• Canadian Record: Katerine Savard, 57.27 – 2014
  1. Penny Oleksiak, 56.99 NR OQ
  2. Noemie Thomas, 57.02 OQ
  3. Katerine Savard, 57.75

After surprisingly taking the top seed this morning, 15 year-old Penny Oleksiak didn’t disappoint tonight, taking the win 56.99, a new Canadian record. Touching 2nd was Noemie Thomas who went 57.02, the second fastest time in Canada’s history. Oleksiak and Thomas both broke 58 seconds for the first time this morning, and now they are right at the threshold of 57 seconds (with Oleksiak under it obviously). Both women crushed the Olympic qualifying standard of 58.74 and qualify for the team.

Surprisingly, previous Canadian record holder Katerine Savard didn’t make the Olympic team, despite being nearly a full second under the standard. Savard touched 3rd in 57.75, off of her best time of 57.27 from 2014. Savard was the 5th place finisher at the World Championships last summer.

National team veteran Audrey Lacroix touched 4th in 59.10, and Rebecca Smith was 5th in 59.46. Look for Lacroix later in the week to be one of the favorites in the 200 fly.

Men’s 200m Freestyle Final

  • Olympic Qualifying Time: 1:47.97
  • Top Seed for the Final: Jeremy Bagshaw, 1:48.47
  • Canadian Record: Brent Hayden, 1:46.40 – 2008
  1. Markus Thormeyer, 1:48.17
  2. Jeremy Bagshaw, 1:48.20
  3. Yuri Kisil, 1:48.90

UBC’s Markus Thormeyer took off over two seconds from his best time to surprise favorite Jeremy Bagshaw and win the men’s 200 free in 1:48.17. He was just off the qualifying standard of 1:47.97. Bagshaw was 2nd in 1:48.20, off his best time of 1:47.48 from last year. 3rd place went to Thormeyer’s UBC teammate Yuri Kisil, who took it out very fast in 24.13 at the 50m mark. Kisil faded throughout the race, eventually touching in 1:48.90 for 3rd. That time still takes off over two seconds from his previous best time of 1:51.00. 4th went to Stefan Milosevic in 1:49.66, and 5th was Samuel Belanger in 1:50.02.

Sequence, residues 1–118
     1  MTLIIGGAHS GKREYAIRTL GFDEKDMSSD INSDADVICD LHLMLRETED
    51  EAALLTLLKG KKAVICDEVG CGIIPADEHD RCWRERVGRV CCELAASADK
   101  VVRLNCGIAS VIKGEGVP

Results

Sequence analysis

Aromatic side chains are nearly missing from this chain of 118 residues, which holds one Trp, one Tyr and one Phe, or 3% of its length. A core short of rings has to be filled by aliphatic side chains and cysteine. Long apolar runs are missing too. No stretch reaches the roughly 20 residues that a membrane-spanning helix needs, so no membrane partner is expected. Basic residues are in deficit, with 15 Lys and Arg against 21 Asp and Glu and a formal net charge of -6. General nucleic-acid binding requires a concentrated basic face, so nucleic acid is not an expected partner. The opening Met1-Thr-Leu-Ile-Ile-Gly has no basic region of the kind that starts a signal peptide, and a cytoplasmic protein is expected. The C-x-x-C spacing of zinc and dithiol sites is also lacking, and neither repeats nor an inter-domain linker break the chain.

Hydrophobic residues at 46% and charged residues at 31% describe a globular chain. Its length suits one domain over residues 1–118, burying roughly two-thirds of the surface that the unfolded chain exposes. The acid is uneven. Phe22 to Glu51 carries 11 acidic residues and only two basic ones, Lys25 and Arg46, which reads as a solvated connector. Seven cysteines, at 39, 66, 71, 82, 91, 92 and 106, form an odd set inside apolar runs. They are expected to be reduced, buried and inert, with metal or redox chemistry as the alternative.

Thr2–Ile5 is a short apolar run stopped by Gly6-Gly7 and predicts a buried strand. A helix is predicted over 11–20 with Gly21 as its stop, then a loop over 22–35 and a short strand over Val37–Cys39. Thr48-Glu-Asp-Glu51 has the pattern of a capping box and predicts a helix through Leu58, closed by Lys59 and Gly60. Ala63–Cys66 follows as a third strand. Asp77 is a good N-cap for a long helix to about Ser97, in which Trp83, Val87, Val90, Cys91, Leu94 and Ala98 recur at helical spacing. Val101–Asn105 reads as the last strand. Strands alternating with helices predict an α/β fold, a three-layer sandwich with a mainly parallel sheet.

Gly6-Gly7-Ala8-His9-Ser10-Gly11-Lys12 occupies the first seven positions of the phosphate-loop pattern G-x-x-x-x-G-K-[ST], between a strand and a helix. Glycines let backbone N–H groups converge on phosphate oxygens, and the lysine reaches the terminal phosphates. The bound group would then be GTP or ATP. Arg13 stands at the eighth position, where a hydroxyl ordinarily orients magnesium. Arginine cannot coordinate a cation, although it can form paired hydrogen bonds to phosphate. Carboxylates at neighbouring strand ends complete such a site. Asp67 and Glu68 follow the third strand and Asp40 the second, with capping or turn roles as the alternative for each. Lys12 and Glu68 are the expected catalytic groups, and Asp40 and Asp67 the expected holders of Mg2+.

Canada’s 4x200m free relay has yet to qualify for the Olympics, and if the top-4 combined times added up to 7:10.92 they would have made it, but they failed to do so. They still have a good chance of qualifying the relay, they just need to wait and see if they’re in the top-4 among teams who haven’t qualified. A lot of power sits in the hands of high performance director John Atkinson in adding relay swimmers if he so chooses.

Tom Kremer won the B-final in 1:48.57.

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8 years ago

Its really surprising how good canadian women became all of a sudden, the same is true for canadian athletics …

8 years ago

Oleksiak, had not seen much of her but… Her physique is ideal for swimming – Her upper body is a triangle, even for a slight young woman. Powerful broad shoulders, tall with long levers, big feet, beautiful stroke, great buoyancy/position in the water.

So easy to forget how young Sjöström is but with Ikee & Oleksiak coming through – Women’s fly could be grandstand in a few years.

Reply to  Dee
8 years ago

Dont forget about Chen Xinyi, who was born in 1998 and is the only serious medal contender among those 3.
Is it only me or do Ruck and Oleksiak look very similar to each other and to Missy Franklin?

Reply to  thomaslurzfan
8 years ago

Because all three are proud to be Canadian probably 🙂

Reply to  O
8 years ago

Franklin obviously not …
(Thank god the up-/downvotes dont work anymore)
On the other hand Canada got Condorelli, so i guess both sides can be happy.

8 years ago

You can check out omega timing for splits on the results.